22. Political agenda in the face of tragedy is about as low as it can go. Free thinkers do not need opinions on the second amendment they have their own thoughts. Grieve these children, support their families. Do better.

  23. Well when the mayor is claiming this a mental health not a gun control issue I’m thinking we haven’t reached the collective point where we say “enough”. Unfortunately. Knives and guns are equally accessible. There’s a reason why guns are always preferred. Legislation won’t solve the overall issue. But changing the ease of accessibility would most certainly help. The Second Amendment doesn’t prevent criminals and the mentally ill citizens from bearing arms. So technically the mayor was 100% incorrect. Maybe the problem is really with the Second Amendment?

  24. Right now is a time to mourn? Agreed. But we can mourn and take effective action to prevent this tyoe of slaughter. Every country faces the same mental health and violence in media/video games challenges. We are the only country where no action is taken when school children are slaughtered by gunmen.

  25. The only real gun control would be to abolish the second amendment.
    And that will NEVER happen.

  26. Raise the age to purchase a firearm to 21.
    If you are under medical care for a mental disorder and/or on any type of medication designed to alter your brain chemistry, should stop a person from purchasing a weapon. Furthermore, if you have ever had a documented case of attempted suicide or under medical care for a mental disorder should preclude a person from buying a gun for a rolling 5 years.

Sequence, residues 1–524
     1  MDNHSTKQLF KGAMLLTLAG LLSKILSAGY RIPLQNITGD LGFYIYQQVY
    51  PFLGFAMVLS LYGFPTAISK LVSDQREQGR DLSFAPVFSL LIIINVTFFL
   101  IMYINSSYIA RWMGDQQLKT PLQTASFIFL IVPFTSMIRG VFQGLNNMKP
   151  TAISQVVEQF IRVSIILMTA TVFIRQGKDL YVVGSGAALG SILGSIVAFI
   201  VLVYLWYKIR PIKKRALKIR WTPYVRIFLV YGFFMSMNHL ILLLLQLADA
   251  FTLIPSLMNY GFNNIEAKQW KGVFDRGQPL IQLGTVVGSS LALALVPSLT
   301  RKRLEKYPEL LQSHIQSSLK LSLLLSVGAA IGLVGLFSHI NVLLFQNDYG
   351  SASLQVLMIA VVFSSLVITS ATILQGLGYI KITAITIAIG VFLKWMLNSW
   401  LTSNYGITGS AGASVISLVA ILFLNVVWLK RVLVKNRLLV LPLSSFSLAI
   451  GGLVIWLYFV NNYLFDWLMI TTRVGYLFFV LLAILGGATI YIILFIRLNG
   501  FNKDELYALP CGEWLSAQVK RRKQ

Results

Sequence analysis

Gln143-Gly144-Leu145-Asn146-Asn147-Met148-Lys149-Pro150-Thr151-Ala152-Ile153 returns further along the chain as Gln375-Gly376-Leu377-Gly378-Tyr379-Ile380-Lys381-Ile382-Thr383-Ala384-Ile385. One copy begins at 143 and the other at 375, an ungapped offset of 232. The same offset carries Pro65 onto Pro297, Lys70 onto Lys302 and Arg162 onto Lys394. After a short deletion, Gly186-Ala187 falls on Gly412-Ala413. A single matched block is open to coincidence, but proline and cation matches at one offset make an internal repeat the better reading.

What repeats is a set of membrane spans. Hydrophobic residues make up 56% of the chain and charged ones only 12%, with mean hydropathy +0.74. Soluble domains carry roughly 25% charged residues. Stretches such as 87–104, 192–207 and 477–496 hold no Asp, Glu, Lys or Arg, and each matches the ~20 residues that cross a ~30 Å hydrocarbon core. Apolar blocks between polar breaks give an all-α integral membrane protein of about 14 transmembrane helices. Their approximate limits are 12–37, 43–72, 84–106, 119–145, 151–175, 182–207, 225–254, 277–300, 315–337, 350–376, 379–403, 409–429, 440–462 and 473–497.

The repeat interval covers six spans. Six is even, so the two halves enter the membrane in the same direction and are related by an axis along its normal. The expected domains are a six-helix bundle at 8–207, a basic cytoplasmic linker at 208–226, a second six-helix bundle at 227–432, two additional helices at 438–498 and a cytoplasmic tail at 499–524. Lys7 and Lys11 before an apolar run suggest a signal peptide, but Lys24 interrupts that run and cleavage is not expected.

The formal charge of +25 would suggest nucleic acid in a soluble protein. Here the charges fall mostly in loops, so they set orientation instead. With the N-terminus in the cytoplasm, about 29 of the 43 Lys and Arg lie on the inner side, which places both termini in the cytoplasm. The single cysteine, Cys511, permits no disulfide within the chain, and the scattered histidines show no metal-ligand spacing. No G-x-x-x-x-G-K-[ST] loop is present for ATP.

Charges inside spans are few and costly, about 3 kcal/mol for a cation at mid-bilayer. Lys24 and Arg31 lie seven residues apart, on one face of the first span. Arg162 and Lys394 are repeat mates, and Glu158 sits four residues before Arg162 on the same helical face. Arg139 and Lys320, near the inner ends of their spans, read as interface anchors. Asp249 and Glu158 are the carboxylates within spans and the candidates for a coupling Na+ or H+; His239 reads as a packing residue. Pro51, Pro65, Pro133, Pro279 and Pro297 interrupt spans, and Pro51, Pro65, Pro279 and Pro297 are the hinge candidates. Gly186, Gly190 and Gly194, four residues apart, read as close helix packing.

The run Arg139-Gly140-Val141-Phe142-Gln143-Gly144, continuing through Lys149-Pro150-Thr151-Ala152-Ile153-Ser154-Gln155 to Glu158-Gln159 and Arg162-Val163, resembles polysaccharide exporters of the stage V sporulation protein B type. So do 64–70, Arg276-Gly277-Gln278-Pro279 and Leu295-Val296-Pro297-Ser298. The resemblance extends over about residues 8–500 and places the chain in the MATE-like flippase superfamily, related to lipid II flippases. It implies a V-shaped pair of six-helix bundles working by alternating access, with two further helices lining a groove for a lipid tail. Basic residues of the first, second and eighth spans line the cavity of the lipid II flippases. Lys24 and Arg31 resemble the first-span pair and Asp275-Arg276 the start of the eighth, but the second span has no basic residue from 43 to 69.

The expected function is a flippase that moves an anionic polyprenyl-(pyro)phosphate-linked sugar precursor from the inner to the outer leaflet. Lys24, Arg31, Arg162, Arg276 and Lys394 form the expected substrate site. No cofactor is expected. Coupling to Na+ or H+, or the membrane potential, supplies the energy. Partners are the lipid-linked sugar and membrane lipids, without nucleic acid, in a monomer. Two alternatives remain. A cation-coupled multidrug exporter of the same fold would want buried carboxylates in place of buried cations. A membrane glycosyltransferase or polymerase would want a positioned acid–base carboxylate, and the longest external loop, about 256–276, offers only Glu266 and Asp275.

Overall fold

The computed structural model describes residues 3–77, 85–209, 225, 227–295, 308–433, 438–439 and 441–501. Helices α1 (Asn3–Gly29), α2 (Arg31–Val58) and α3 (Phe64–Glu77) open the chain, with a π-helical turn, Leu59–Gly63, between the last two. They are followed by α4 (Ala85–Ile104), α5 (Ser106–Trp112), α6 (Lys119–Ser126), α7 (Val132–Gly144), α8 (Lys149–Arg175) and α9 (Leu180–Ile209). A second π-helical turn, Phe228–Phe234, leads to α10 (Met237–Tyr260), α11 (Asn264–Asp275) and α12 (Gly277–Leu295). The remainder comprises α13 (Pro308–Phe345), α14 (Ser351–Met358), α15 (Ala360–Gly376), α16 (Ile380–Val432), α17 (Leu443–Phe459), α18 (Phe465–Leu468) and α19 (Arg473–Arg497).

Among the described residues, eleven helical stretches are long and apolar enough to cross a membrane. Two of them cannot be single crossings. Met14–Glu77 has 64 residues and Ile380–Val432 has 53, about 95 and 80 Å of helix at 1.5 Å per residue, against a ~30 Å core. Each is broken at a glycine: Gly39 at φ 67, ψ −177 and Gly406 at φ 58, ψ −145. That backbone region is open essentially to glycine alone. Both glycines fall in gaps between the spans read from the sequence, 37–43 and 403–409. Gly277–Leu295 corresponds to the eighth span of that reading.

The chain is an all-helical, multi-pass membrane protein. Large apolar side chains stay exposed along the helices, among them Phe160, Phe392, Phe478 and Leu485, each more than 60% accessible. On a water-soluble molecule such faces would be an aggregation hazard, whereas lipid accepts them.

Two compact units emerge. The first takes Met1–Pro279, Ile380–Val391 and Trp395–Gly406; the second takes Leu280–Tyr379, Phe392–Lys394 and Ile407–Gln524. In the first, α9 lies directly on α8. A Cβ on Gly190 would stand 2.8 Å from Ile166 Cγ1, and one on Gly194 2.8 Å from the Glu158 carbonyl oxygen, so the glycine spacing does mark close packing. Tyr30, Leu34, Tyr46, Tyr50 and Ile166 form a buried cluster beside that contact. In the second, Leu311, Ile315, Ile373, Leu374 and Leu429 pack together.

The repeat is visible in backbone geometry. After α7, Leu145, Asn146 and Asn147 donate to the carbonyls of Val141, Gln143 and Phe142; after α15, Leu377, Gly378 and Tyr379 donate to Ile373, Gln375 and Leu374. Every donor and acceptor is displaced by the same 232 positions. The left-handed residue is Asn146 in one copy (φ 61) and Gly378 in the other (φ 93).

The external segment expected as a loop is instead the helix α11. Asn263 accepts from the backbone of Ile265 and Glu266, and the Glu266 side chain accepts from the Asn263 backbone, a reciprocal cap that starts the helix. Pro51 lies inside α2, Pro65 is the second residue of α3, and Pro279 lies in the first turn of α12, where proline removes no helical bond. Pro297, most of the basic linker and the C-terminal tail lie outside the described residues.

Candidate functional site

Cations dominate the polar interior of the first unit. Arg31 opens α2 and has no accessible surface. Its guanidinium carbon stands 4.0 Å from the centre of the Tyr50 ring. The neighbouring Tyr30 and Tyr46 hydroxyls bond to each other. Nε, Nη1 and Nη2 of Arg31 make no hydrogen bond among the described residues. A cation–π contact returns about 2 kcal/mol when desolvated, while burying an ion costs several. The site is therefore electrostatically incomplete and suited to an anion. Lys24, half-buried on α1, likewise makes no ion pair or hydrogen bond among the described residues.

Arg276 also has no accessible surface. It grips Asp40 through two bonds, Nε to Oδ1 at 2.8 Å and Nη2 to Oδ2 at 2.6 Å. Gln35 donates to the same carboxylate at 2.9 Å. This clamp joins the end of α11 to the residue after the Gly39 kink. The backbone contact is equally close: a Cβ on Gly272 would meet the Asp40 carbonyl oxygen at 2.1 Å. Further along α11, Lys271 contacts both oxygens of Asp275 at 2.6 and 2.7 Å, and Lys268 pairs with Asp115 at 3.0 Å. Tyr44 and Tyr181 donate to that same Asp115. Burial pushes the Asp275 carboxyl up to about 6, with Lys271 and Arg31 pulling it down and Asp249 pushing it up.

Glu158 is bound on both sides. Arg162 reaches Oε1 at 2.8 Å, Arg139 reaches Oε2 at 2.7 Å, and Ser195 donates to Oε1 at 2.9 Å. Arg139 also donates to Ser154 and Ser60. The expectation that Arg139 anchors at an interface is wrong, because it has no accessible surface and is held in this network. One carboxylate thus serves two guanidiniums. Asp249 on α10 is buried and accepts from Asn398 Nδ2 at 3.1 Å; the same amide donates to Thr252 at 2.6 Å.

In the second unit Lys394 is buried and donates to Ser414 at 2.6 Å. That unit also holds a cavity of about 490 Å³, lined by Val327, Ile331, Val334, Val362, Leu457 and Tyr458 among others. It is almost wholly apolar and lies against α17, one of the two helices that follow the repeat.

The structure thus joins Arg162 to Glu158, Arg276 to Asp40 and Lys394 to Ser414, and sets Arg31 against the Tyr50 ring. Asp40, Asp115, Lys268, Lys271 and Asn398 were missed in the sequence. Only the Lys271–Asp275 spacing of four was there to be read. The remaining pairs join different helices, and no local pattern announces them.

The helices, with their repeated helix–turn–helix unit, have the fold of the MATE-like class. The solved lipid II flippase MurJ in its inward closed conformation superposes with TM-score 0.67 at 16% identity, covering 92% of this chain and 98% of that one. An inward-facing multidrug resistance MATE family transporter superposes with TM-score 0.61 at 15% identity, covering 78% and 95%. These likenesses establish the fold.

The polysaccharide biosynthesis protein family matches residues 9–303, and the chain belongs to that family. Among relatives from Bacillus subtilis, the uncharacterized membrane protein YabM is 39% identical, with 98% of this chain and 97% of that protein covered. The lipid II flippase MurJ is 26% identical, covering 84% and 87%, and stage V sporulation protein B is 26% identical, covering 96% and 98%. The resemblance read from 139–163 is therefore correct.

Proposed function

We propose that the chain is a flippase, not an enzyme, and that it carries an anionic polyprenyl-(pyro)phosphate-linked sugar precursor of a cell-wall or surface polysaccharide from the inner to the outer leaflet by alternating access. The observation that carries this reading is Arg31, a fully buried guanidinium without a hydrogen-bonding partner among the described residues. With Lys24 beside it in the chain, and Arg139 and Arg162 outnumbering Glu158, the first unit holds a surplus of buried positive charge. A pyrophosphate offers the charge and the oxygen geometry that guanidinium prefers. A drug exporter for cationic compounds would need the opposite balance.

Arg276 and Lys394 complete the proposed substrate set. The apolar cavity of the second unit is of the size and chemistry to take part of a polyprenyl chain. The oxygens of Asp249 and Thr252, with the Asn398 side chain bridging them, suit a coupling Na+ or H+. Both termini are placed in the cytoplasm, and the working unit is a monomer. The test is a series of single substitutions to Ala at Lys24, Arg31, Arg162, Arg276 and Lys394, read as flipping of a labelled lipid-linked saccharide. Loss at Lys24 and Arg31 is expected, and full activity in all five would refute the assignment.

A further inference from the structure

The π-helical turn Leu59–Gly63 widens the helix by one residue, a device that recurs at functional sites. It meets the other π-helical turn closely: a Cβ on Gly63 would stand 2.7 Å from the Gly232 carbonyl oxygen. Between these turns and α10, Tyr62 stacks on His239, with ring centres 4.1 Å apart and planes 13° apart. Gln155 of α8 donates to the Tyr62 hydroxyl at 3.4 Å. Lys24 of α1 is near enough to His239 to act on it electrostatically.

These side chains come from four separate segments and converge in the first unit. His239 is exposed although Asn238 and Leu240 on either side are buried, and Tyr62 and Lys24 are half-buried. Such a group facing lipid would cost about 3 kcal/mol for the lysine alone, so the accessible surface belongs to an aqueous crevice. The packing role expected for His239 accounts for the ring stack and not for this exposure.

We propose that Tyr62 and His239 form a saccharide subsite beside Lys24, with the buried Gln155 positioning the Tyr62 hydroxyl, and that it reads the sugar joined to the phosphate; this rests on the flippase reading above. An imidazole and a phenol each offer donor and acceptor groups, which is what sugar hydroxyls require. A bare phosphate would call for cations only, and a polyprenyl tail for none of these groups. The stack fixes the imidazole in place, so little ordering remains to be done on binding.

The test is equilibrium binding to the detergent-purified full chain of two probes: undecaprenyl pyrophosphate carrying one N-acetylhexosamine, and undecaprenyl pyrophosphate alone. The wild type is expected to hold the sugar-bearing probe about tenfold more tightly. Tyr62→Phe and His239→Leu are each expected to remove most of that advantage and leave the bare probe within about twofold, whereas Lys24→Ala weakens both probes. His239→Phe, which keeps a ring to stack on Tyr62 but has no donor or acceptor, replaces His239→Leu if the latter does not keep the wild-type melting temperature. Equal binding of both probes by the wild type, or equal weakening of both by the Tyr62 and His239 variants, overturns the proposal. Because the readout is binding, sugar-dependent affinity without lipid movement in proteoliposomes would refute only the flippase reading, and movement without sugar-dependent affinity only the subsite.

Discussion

If a child under 18 obtains a parents gun and does harm to people, the parents should be charged with the murder or attempted murder.

  27. purplengold says:
    May 26, 2022 at 12:13 am
    It is now time to stop the automatic weapons sales in this country.
    Automatic weapon sales are highly regulated and rare today. You even need to go through an FBI background check before you’re allowed to purchase an automatic weapon. I think you’re confusing a fully automatic gun to a semi-automatic. A semi-automatic gun fires a bullet every time the trigger is pulled. The majority of weapons sold are semi-automatic. We can’t have much of a debate or solution if one side can’t even properly define what we’re talking about.

  28. How so doubledeuce? I’m confused how somebody calling out banning the sale of automatic weapons doesn’t include both full\semi-automatic weapons ?!?!?!? If anything that statement holds zero distinction between the two.

  29. If you can’t agree that an 18 year old shpuld not have access to an AR15 based on the mere technicality that it’s not an automatic rifle, you are part of the problem. Claiming that we can’t find a solution because of this distinction is specious at best.